As a secular agnostic, I must ask what the National Secular Society is doing by backing this atheist chap who claims to have been terribly upset by the recitation of prayers at the start of local council meetings in Bideford in Devon. I used to sit in the public gallery at Barnet Council meetings (it was a simpler era, in which we made our own entertainment) and full meetings of the council always started with a prayer, led by that year's mayor's chaplain - be that year's mayor's chaplain a rabbi, a vicar or possibly a Greek Orthodox priest. It was all over in about a minute and I simply stood, bowed my head, closed my eyes and muttered "Amen" at the end. I refuse to accept that such an act of worship could in any way be offensive to anyone. I'm sorry, but I think that this case is a ridiculous waste of time and I hope that it is over-turned on appeal. It is surely very sixth-form to say "I'm completely secular, so it is an abuse of my human rights if I am at a meeting that begins with a one-minute mumbled prayer - you're forcing me to take part in religion!"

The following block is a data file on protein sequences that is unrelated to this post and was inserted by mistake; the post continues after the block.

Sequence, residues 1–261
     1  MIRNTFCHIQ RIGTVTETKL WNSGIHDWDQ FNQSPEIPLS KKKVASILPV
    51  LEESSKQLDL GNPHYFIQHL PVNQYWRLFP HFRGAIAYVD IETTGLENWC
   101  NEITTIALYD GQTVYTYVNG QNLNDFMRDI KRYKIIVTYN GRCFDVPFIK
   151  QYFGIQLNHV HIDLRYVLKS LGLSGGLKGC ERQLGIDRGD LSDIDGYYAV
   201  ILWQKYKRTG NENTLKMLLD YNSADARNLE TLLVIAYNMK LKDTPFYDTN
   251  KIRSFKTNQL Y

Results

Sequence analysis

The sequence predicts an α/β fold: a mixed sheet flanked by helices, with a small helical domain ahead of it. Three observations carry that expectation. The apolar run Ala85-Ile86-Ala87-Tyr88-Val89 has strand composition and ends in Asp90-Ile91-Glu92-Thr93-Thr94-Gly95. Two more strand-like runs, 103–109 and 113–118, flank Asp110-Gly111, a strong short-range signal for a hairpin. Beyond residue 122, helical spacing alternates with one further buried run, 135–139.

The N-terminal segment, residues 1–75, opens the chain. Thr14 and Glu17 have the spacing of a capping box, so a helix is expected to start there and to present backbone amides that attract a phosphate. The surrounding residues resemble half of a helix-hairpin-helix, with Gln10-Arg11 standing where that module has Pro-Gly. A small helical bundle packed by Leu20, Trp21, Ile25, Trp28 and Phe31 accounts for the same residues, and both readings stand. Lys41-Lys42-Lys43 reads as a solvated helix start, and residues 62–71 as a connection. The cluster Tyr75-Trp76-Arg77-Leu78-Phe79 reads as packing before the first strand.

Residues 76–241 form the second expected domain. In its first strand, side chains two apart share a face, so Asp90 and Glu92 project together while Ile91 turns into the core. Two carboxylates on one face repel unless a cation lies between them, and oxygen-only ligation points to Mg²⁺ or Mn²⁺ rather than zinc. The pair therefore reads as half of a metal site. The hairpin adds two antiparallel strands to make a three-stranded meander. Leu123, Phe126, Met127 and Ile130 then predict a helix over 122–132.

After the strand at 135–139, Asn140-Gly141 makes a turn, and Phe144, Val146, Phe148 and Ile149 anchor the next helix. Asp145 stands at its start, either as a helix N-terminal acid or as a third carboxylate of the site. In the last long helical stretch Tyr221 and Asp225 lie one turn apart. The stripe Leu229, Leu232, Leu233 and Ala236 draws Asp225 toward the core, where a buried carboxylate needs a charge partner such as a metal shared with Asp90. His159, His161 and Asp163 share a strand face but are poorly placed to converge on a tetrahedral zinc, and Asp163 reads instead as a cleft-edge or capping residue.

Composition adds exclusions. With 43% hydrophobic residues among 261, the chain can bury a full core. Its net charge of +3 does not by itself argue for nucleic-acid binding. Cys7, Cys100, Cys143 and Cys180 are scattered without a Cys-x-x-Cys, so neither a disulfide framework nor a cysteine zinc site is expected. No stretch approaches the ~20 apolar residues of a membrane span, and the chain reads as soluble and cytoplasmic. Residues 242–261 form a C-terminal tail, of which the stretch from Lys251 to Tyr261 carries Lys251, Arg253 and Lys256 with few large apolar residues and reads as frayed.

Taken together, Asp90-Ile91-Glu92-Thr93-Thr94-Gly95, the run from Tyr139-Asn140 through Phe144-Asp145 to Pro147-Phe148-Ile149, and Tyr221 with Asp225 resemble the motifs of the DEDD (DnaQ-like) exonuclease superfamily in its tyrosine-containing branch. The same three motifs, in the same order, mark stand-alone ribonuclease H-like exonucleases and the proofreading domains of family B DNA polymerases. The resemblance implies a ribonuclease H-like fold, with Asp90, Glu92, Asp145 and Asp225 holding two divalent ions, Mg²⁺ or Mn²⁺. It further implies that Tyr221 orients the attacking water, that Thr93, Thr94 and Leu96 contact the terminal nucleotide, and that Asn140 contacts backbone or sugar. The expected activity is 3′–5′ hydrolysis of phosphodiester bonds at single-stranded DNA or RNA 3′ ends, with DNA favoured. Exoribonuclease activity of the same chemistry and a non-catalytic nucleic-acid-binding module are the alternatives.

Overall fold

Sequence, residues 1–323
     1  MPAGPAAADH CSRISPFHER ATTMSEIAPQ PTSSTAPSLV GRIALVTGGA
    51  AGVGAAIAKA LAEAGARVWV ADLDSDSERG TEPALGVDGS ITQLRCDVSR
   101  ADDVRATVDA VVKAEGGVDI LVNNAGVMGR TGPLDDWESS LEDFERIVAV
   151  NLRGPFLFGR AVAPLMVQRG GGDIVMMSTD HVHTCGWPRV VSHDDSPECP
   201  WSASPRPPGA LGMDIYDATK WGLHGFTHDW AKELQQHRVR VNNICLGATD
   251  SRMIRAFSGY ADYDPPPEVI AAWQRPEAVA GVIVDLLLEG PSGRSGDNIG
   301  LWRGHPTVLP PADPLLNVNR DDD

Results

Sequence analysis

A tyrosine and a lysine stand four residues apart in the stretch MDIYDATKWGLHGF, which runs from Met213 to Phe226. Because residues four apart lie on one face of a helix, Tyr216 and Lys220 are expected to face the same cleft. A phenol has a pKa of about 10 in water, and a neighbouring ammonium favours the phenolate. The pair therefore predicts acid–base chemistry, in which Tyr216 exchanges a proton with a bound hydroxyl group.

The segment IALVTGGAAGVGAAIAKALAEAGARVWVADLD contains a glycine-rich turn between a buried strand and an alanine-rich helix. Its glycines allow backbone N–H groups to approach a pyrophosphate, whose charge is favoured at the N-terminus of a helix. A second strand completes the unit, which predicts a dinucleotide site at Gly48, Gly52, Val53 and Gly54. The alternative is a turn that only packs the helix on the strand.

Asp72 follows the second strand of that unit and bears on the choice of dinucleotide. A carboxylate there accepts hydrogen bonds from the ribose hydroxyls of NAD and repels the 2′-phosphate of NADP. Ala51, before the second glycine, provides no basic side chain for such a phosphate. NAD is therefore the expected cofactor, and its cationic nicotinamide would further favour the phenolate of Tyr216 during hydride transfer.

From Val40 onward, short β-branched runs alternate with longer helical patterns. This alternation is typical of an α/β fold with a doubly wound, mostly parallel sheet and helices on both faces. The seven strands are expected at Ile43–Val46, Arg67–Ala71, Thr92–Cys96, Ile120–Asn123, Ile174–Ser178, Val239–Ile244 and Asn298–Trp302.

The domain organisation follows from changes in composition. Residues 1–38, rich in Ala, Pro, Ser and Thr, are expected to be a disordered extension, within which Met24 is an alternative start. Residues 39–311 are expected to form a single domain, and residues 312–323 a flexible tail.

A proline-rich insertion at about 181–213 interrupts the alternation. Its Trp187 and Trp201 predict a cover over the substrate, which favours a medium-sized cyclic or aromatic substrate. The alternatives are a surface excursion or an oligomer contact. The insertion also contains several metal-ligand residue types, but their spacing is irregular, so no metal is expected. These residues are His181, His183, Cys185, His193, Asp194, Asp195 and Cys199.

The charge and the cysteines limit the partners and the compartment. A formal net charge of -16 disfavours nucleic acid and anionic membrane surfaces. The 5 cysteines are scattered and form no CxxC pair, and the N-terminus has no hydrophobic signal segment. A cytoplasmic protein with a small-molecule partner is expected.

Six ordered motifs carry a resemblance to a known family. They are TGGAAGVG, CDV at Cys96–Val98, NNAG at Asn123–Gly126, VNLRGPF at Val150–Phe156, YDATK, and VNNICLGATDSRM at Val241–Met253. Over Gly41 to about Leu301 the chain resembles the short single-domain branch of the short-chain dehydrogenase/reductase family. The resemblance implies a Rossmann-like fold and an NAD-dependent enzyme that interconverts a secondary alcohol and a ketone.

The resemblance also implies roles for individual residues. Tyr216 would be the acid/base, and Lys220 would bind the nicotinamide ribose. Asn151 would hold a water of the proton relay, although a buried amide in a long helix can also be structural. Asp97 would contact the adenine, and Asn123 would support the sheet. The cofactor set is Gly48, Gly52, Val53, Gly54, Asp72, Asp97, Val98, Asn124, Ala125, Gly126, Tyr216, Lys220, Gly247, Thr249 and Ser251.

And I heard on the wireless that my neighbouring London Borough of Enfield is proposing to ban spitting in the street. Quite right too. I'm not being sarcastic. I hate seeing people spitting in the street. Unless someone really is ill and cannot help it, then it is wrong to spit in the street. Where this issue can become edgy is that, while spitting is taboo among some groups of people, it is arguably less taboo among some other groups of people. And you could say that some of those latter groups genuinely don't realise (like noisy kids on buses) that other people might find their behaviour annoying.